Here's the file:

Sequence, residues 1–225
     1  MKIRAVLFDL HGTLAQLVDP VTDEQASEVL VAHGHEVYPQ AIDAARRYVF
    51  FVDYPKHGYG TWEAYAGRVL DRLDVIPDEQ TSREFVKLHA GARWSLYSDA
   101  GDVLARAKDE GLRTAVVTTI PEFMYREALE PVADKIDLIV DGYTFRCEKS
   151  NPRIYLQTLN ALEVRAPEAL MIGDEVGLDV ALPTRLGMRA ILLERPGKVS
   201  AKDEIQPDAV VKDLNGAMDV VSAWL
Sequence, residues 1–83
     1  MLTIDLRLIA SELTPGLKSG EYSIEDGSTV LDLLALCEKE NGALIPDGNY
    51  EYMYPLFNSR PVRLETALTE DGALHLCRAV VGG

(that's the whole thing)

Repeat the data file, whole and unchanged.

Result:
Sequence, residues 1–225
     1  MKIRAVLFDL HGTLAQLVDP VTDEQASEVL VAHGHEVYPQ AIDAARRYVF
    51  FVDYPKHGYG TWEAYAGRVL DRLDVIPDEQ TSREFVKLHA GARWSLYSDA
   101  GDVLARAKDE GLRTAVVTTI PEFMYREALE PVADKIDLIV DGYTFRCEKS
   151  NPRIYLQTLN ALEVRAPEAL MIGDEVGLDV ALPTRLGMRA ILLERPGKVS
   201  AKDEIQPDAV VKDLNGAMDV VSAWL
Sequence, residues 1–83
     1  MLTIDLRLIA SELTPGLKSG EYSIEDGSTV LDLLALCEKE NGALIPDGNY
    51  EYMYPLFNSR PVRLETALTE DGALHLCRAV VGG